RIO DE JANEIRO, BRAZIL – By winter at the latest, things will be bleak in Europe as far as liquefied natural gas (LNG) supplies are concerned. There isn’t enough supply to meet European demand. And there is no improvement in sight before 2024. The sanctions against Russia are a blow to its people and its economy.
The Europeans are currently in a veritable quandary. On the one hand, politicians want to punish Russia economically and financially by no longer purchasing energy sources (oil, natural gas, and coal) from there; on the other hand, there are not enough substitutes for the Russian supply on the world markets.
Diesel prices are already skyrocketing, and things don’t look rosy for natural gas either.
According to a report by Rystad Energy, demand for liquefied natural gas at the global level will rise to 436 million tons this year, while the total supply is only 410 million tons.
This is because more liquefaction plants and, above all, transport ships first have to be built to meet the sharp rise in demand due to the sanctions against Russia.
This will take a long time. By winter, the Europeans will be short of gas, primarily as they have relied on the cheaper natural gas via the pipelines from Russia but now want to impose an embargo on it.
The European Union’s REPowerEU plan aims to reduce dependence on Russian gas by two-thirds this year. This goal clashes with the EU’s goal of filling gas storage facilities to 80% capacity by November 1.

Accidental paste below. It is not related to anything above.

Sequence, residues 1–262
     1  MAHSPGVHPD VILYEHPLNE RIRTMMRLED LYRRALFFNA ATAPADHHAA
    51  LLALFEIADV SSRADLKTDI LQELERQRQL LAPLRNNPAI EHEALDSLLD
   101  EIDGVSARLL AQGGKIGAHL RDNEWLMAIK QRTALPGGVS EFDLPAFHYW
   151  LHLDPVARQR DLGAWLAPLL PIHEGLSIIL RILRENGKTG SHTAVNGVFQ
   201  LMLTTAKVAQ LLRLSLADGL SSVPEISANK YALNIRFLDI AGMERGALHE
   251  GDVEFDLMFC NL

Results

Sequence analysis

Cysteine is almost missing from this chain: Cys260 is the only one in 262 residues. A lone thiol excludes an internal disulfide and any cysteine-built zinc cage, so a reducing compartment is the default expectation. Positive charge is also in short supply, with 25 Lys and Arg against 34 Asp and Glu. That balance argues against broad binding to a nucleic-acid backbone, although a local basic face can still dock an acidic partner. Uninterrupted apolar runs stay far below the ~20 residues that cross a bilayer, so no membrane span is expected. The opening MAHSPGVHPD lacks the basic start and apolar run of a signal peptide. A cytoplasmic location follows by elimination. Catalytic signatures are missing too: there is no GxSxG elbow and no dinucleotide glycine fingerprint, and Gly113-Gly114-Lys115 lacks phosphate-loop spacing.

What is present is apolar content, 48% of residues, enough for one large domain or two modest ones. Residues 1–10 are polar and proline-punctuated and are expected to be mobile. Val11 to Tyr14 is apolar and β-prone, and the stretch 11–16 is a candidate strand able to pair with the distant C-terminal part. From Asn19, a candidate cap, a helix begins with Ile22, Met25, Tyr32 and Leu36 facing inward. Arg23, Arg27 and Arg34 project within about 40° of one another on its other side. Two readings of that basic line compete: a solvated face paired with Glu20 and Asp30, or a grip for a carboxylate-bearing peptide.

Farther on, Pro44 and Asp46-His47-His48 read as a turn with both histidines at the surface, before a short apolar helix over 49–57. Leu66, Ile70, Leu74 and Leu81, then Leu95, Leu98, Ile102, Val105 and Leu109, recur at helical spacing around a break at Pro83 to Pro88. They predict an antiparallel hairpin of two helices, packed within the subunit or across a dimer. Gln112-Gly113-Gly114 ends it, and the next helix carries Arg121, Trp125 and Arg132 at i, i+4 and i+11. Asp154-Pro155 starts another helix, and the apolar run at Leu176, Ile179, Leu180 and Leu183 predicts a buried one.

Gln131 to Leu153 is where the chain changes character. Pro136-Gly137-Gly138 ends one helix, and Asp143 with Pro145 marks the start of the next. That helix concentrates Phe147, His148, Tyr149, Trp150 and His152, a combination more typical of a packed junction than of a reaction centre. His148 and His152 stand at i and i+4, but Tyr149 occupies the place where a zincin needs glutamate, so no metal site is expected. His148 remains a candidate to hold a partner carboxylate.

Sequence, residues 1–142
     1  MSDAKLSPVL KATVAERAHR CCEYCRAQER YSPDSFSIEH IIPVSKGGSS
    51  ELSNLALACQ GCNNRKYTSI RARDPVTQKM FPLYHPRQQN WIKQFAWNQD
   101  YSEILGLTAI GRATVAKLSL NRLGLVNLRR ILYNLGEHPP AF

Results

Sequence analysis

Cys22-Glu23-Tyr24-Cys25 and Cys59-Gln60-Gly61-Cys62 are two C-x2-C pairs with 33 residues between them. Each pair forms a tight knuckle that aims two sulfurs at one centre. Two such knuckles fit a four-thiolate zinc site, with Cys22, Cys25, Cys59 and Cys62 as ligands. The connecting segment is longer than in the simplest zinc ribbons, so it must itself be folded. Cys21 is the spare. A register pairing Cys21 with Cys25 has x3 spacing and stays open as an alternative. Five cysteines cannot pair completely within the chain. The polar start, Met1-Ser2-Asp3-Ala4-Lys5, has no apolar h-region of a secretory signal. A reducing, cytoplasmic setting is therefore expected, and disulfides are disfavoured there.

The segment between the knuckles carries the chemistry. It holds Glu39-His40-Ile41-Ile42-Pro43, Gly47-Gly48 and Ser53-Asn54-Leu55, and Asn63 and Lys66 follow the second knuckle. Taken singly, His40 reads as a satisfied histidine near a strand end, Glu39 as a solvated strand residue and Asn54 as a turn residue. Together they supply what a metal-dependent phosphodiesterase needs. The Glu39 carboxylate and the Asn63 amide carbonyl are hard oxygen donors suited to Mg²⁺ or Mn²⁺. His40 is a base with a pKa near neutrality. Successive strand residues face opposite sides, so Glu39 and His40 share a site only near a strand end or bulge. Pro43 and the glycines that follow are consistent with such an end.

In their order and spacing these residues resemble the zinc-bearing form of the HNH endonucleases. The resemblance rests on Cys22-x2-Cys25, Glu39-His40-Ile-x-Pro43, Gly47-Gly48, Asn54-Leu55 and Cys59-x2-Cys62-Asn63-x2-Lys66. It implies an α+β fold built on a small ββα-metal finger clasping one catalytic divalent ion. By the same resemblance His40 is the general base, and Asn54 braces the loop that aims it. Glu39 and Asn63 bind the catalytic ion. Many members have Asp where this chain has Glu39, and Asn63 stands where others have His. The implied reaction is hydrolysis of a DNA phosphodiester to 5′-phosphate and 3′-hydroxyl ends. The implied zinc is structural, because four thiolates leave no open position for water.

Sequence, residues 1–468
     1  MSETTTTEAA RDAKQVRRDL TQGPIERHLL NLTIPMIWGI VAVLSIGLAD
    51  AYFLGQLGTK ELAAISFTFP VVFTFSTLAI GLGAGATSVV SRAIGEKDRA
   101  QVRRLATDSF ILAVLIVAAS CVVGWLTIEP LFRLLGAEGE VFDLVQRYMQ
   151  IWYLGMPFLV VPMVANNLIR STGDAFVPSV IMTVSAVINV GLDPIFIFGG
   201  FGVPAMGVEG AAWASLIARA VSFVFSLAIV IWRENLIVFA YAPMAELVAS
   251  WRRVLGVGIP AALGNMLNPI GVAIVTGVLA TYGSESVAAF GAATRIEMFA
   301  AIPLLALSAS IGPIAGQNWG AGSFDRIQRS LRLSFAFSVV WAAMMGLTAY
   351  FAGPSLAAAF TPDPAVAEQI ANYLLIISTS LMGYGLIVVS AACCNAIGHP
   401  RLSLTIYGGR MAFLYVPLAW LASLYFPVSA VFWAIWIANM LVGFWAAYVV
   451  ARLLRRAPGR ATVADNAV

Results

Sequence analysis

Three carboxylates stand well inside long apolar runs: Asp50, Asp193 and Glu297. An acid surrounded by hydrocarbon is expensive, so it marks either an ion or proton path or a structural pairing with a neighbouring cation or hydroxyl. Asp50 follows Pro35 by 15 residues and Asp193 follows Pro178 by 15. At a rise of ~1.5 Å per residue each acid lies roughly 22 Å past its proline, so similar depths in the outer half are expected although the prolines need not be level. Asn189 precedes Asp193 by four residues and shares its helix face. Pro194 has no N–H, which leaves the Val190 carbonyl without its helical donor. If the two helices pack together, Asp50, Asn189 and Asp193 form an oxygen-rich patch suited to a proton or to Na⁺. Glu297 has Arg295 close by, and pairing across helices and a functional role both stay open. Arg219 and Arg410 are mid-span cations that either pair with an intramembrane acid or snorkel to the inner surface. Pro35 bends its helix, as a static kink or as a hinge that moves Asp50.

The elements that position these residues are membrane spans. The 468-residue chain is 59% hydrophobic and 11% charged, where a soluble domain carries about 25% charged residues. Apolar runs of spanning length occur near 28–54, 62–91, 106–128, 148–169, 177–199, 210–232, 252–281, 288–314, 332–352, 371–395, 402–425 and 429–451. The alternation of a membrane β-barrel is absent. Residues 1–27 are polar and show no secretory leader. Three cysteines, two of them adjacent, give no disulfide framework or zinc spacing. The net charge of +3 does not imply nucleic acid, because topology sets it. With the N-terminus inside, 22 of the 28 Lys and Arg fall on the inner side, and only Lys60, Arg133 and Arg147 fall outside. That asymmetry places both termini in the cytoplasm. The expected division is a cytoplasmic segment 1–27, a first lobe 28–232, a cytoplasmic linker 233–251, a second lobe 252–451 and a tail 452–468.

But in doing so, the Europeans are upsetting the global LNG market and causing huge price increases worldwide. That means other countries are suffering due to EU energy policy because they now have to bear much higher costs.
“There is not enough LNG to meet demand. In the short term, this will lead to a harsh winter in Europe,” says Kaushal Ramesh, senior analyst for gas and LNG at Rystad Energy
For producers, this means that the next LNG boom is just around the corner, but it will come too late to meet the sharp increase in demand.
The stage is set for a continued supply deficit, high prices, extreme volatility, rising markets, and increased LNG geopolitics.
If Russian gas supplies were to fail tomorrow, current stored gas reserves (which are about 35% full) would likely be exhausted before the end of the year, leaving Europe exposed to a brutal winter.
Private households and industry would suffer enormously, and many companies might even have to shut down production. Entire industrial sites in Europe would collapse within a few months because European politicians prefer to sacrifice them for ideological reasons.
After all, we are talking here about measures that threaten the industry’s very existence, which would bring an enormous economic and financial shock.
For example, the Emirate of Qatar would also supply liquefied natural gas to Germany. Still, the conditions do not suit Economics Minister Hofreiter (Greens).
For example, the Arab monarchy wants a minimum of 20 years for a contract, especially since extremely expensive new LNG tankers would have to be built to transport the LNG to Germany.
But this does not fit into the decarbonizers’ concept of reducing CO2 emissions by 88 percent by 2040. Qatar also wants to link the price of gas to the cost of oil, while Berlin wants it to be connected to the European gas index.
However, European supplicants do not stand much chance of negotiating success with the Arabs unless they bring good deals in return that also promise benefits to the negotiating partners.
Putting oneself in a self-inflicted predicament and making demands does not work here, especially if you have previously been a fierce critic of Qatar like the Greens.
The Qataris surely remember how the Greens sharply attacked Bayern Munich in 2020 because of their training camp in the emirate, claiming arrogantly that the Arabs disregard human rights.